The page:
Learning, Technology, and Design
Elena Novak, Ph.D.
I’m an Associate Professor of Educational Technology at Kent State University. My research centers on innovative uses of technology to support learning, teaching, and design, primarily in STEM contexts. I’m particularly interested in how affective, cognitive, and motivational variables affect students’ learning experiences in digital environments. My current research projects focus on the integration of learning technologies such as 3D printing, robotics, video games, and simulations in education to provide educators with research-informed guidelines on how to integrate technology in various educational settings. I design curricula, assessments, and tools to support and evaluate students’ learning and creativity. In addition, I investigate how video games, particularly action video games, and game-like learning environments foster cognitive and motivational processes that enhance learning. My research was recognized with international awards sponsored by the American Educational Research Association as well as the Association for Educational Communications and Technology.
I earned my Ph.D. in Instructional Systems from Florida State University in 2012. Since then, I have been teaching graduate courses in educational technology, instructional design, and assessment.
Current Research Projects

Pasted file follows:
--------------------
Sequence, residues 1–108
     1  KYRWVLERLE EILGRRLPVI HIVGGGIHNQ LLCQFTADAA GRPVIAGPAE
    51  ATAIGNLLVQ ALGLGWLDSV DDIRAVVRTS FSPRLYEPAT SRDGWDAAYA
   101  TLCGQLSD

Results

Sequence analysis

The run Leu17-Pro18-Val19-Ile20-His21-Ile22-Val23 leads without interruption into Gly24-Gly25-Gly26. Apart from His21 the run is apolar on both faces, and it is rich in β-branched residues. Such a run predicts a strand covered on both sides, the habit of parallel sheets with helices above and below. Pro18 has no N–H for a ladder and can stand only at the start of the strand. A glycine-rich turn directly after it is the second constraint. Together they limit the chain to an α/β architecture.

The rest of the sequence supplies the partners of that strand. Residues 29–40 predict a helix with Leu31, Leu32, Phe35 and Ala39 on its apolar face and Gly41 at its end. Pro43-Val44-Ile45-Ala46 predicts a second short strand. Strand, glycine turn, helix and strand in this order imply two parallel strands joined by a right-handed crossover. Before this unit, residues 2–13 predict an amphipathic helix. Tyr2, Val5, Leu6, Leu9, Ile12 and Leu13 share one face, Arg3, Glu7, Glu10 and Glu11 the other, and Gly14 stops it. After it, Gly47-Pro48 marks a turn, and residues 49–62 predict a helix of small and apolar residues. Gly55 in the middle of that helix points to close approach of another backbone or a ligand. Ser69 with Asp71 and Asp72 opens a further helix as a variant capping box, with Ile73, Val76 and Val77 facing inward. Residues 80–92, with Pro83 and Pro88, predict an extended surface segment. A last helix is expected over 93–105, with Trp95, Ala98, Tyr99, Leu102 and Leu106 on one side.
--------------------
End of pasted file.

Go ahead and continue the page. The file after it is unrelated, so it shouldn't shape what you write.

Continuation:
Integrating 3D Printing Technology in Education
We have been investigating best practices for integrating 3D printing technology in a classroom as well as its effects on students’ learning, creativity, and attitudes toward 3D printing technology. Recently, we completed a large systematic literature review that explored how students learn with 3D printing technology in various educational contexts and settings.
Using Technology to Enhance Design Thinking and Creativity
Our current projects focus on enhancing students’ design thinking and creativity using a variety of technologies (blogging, 3D printing, Scratch). We designed curricula, assessments, and tools to support and evaluate students’ creativity and design thinking in these contexts.
Video Games, Learning, and Cognition
Our research in this area centers on game design and play elements, such as storyline, action, and suspense that improve learning and engagement across various learning environments. We are interested in connecting game design and play elements to specific learning benefits to provide practical recommendations for designing effective learning environments. Recent projects focused on Action Video Games (AVG), such as Unreal Tournament, Halo and Call of Duty